The title of the collection (and the title poem itself) enhances this impression of intangibility. ‘Wind hissing through a dozen halyards/confirms that somebody’s gone’ says the narrator as ‘A gull floats off in the broken half-light./Then another, and still another.’ (Breaking Away). In another poem we have a man ‘who might be an angel./He seems to be looking this way… I can’t quite piece him together. His look is familiar as scent remembered,/yet something keeps falling away.’ (The Man by the Roadside).

The poems in this pamphlet are lyrical and mysterious. ‘Listen to yourself listening’ says the poet. (Drowning at Sunset).The world depicted is ‘a freeze and a cringe, a fox/in full leap, suspended in time.’ There are images of seagulls, sparrows, feathers, breath and the wind, all dancing, flying, falling – a ‘Winged Stillness’, a finger-tip touch. (Gift of an Artist’).

Elusive, fleeting images – yet there is brutality too in Scott Elder’s poetic world. ‘The kick and bite of a .350 Magnum’ makes ‘a brutal entrance’ (Witness) as it does in the words of Penelope who says ‘When you came into Ithaca/I loaded my gun.’ (Penelope). Throughout, there are references to myths, folk songs, fairy tales, a wealth of symbolism and intriguing surreal touches as in Before the Fallwhere Dumpty sits for hours listening ‘to the whispers of swallows in a dingle dangle dusk.’

Scott Elder’s publication from Poetry Salzburg is rich in subtle, evocative poems. It is the forerunner, I am sure, of a great deal more.

Mandy Pannett


 Scott's poems continue to enchant me with their lyricism, with the fluidity of the language, with their exploration of love, loss, grief, their sadness redeemed by their beauty. These are haunting poems, tending toward the surreal, toward myth or fairytale (a mysterious lady, Humpty Dumpty, Penelope) but grounded in images of the universe: oaks, sunsets, rivers, a swallow, many moons. I am excited that these poems are finding a home in the literary world."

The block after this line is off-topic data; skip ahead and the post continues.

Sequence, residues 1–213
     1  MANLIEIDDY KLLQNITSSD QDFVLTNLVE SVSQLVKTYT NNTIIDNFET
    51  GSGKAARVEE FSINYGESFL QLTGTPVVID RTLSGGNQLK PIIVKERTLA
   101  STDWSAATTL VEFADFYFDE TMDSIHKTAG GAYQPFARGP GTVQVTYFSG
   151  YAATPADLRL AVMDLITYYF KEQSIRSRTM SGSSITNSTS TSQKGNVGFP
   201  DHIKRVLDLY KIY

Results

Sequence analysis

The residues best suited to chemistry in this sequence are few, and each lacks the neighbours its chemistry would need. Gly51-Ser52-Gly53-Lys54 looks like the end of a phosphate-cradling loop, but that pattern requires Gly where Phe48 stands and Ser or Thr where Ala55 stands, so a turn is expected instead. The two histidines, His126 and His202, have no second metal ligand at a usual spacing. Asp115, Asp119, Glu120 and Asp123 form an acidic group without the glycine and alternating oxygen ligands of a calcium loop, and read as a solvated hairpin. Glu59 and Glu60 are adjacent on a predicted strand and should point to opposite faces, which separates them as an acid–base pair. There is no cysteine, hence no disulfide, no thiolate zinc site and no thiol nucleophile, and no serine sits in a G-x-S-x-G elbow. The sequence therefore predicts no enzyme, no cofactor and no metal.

Patricia Fargnoli

"Scott Elder's poems are like impressionist paintings - or subtle sketches in which the subject is glimpsed and then coyly hides, is glimpsed again running through linden trees before ducking out of view once more. These poems are full of mystery and tenderness, with a deftness of touch that takes us from Homer's Penelope to the Isle of Skye, via Humpty Dumpty a .340 Magnum, scarecrows and an enigmatic Finnish woman. They conjure a mood which is tentative and meditative, leading the reader to a place where, in the words of one of his characters, we stand 'at the door, a stranger, // divining the fall, the throw of bones, / coming to know what you knew, // until dusk, too, had inevitably gone.' This is a fragile, beautiful collection which gets better with each reading."

Sharon Black


























You will be disappointed if you want poems to be like crossword clues that can be solved and filled in; there are plenty of enigmas and ambiguities here, and I suspect some are too personal to be easily decoded. Think of them as word-pictures and you will be closer to the mark. I don't know how many are actually ekphrastic poems, but several sound as if they could be, and gain their power by etching an image on the mind.          Sheenagh Pugh